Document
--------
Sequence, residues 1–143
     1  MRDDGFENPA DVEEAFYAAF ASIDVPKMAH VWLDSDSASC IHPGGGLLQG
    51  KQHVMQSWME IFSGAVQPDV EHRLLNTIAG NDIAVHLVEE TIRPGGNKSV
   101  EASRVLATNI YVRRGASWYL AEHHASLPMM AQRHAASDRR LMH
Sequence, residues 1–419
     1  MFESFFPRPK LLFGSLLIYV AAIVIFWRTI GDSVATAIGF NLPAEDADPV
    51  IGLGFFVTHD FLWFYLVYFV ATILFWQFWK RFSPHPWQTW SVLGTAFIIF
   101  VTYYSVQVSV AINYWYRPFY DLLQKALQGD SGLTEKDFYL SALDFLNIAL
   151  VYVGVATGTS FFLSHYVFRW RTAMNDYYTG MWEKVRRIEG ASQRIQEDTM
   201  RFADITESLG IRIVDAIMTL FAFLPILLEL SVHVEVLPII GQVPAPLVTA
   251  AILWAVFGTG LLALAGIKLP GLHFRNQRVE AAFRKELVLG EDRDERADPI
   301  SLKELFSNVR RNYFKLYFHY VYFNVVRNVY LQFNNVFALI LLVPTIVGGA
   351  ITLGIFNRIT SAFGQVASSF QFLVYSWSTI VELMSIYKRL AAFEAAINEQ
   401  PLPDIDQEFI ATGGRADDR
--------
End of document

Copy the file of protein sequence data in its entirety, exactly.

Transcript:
Sequence, residues 1–143
     1  MRDDGFENPA DVEEAFYAAF ASIDVPKMAH VWLDSDSASC IHPGGGLLQG
    51  KQHVMQSWME IFSGAVQPDV EHRLLNTIAG NDIAVHLVEE TIRPGGNKSV
   101  EASRVLATNI YVRRGASWYL AEHHASLPMM AQRHAASDRR LMH
Sequence, residues 1–419
     1  MFESFFPRPK LLFGSLLIYV AAIVIFWRTI GDSVATAIGF NLPAEDADPV
    51  IGLGFFVTHD FLWFYLVYFV ATILFWQFWK RFSPHPWQTW SVLGTAFIIF
   101  VTYYSVQVSV AINYWYRPFY DLLQKALQGD SGLTEKDFYL SALDFLNIAL
   151  VYVGVATGTS FFLSHYVFRW RTAMNDYYTG MWEKVRRIEG ASQRIQEDTM
   201  RFADITESLG IRIVDAIMTL FAFLPILLEL SVHVEVLPII GQVPAPLVTA
   251  AILWAVFGTG LLALAGIKLP GLHFRNQRVE AAFRKELVLG EDRDERADPI
   301  SLKELFSNVR RNYFKLYFHY VYFNVVRNVY LQFNNVFALI LLVPTIVGGA
   351  ITLGIFNRIT SAFGQVASSF QFLVYSWSTI VELMSIYKRL AAFEAAINEQ
   401  PLPDIDQEFI ATGGRADDR